This is a defining moment for you. You have just lost the frame to him, and there is nothing you can do about it; however, this does not mean that you do not have choices. Your options:

  1. Go ahead with your presentation, even though you know you’ve lost the frame. Hope for the best, and hope that maybe Mr. Big will join the group toward the end of the meeting. (I would not recommend this.)
  2. Stop everything. Reframe using power, time, or prize frames, or perhaps all three. Immediately take the power back. 

You’ve traveled to this meeting, prepared for it, and have an established goal. Are you willing to throw that away? No one can tell your story as well as you can. If you trust your presentation to subordinates and expect them to pass it on to the decision maker with the same force and qualities of persuasion that you have, then you are not being honest with yourself. Mr. Big must hear it from you.

This is what I usually say in this situation:  “So you guys are asking me to delay the start? Okay. I can give you fifteen minutes to get organized. But if we can’t start by then, let’s just call it a day.” Usually someone will volunteer to track down Mr. Big, and that person will try as hard as he or she can to find him and request that he join the meeting.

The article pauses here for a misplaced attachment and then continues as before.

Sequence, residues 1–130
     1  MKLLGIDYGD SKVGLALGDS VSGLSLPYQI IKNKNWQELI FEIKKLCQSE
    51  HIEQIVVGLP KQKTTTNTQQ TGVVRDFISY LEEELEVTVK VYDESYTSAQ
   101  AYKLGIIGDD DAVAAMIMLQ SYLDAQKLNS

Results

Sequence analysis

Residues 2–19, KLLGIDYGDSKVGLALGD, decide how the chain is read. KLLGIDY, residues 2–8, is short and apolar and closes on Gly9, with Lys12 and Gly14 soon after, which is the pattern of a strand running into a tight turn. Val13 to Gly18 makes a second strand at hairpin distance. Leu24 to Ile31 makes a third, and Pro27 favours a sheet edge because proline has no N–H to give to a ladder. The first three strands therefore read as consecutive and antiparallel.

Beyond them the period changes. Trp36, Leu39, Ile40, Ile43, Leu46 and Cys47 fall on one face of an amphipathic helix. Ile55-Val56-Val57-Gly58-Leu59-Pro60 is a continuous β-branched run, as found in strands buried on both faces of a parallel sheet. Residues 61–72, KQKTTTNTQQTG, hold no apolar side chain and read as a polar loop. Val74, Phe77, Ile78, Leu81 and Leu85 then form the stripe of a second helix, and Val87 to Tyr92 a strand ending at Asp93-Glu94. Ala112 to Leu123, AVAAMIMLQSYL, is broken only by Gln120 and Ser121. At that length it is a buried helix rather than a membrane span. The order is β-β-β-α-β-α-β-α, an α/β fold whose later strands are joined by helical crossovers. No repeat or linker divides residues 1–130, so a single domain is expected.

Or someone will say, “Let’s go ahead with the presentation, and we’ll make sure that Mr. Big is briefed.” You can’t let your frame get absorbed by this. Your response? “No, we’re not going to follow your agenda. This meeting is going to start when I say start, and it will end when I say stop. You’re going to make sure that all the right people come to the meeting on time. Then we’re only going to cover the items on my agenda, and you’re going pay attention to every minute of my presentation.” 

You only think this, of course. What you actually say is, “I can wait fifteen minutes, but then I have to leave.” That’s enough to get the message through.